Worshippers at various mosques and schools across Albuquerque, New Mexico, were greeted with police presence as officials increase security following the
According to Ahmad Assed, president of the Islamic Center of New Mexico, the Muslim community in Albuquerque is small, with around 3,000-5,000 members.
Assed told CBS News' Omar Villafranca that some members of the community are not leaving their homes and skipping prayer services as police search for a dark-colored sedan suspected of being connected to the murders.
"They are missing their daily routine. They're missing their life. They're missing their sanity," Assed said.
Albuquerque police chief Harold Medina said at a news briefing Saturday afternoon that it is possible that all four of the shootings are linked together.
Among the four men killed was 62-year-old Mohammad Ahmadi, who was killed last November behind a market and cafe he owned with his brother. His younger brother, Sharief Hadi, now runs the market where Mohammad was gunned down.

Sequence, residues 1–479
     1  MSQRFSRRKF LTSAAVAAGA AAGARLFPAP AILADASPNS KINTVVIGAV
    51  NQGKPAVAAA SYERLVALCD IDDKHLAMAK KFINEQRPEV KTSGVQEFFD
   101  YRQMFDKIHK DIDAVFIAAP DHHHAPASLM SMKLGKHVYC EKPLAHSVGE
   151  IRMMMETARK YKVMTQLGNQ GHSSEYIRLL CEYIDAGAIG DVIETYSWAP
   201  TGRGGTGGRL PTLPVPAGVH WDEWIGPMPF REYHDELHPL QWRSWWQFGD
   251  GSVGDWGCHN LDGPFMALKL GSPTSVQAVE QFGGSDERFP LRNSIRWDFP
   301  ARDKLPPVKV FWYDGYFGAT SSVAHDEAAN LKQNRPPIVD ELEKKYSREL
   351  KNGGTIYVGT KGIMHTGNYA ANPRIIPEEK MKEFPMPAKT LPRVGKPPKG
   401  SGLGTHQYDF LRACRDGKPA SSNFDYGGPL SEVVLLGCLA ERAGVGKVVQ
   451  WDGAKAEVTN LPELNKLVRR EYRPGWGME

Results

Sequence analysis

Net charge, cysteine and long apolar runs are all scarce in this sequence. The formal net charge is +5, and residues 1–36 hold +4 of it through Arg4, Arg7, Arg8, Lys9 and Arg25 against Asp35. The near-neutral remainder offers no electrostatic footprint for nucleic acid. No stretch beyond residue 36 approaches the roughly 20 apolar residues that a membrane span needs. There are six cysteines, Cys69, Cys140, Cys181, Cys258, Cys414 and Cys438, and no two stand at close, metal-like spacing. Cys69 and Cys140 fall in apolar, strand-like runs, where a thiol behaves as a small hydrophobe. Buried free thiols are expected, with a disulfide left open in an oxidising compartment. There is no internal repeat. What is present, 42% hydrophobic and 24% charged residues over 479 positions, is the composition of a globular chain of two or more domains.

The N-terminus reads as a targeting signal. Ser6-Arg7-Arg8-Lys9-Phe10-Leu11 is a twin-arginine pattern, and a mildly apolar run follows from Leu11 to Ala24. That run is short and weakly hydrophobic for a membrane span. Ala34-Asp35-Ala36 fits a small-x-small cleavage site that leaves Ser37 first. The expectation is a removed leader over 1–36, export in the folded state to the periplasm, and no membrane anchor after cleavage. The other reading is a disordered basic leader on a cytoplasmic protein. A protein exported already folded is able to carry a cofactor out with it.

"It was his heart. I have to run his heart right now," Hadi said.
The brothers were born in Afghanistan but fled during the war in the 1980s. Now, Hadi is struggling to move on with life without his brother.
"I don't care about my life anymore, when I lost my little brother, I don't care," he said.
The most recent victim was 25-year-old Naeem Hussain. He was shot just hours after attending a funeral service for Muhammad Afzaal Hussain and Aftab Hussein, who were both killed in the last two weeks.
The FBI is among the agencies investigating the homicides. They are trying to determine whether these killings are hate crimes.
The Albuquerque Police have set up an anonymous tip line relating to the killings. Anyone with tips about these murders is urged to call Albuquerque Metro Crime Stoppers at 505-843-STOP (7867). There is a $20,000 reward for any information leading to an arrest.
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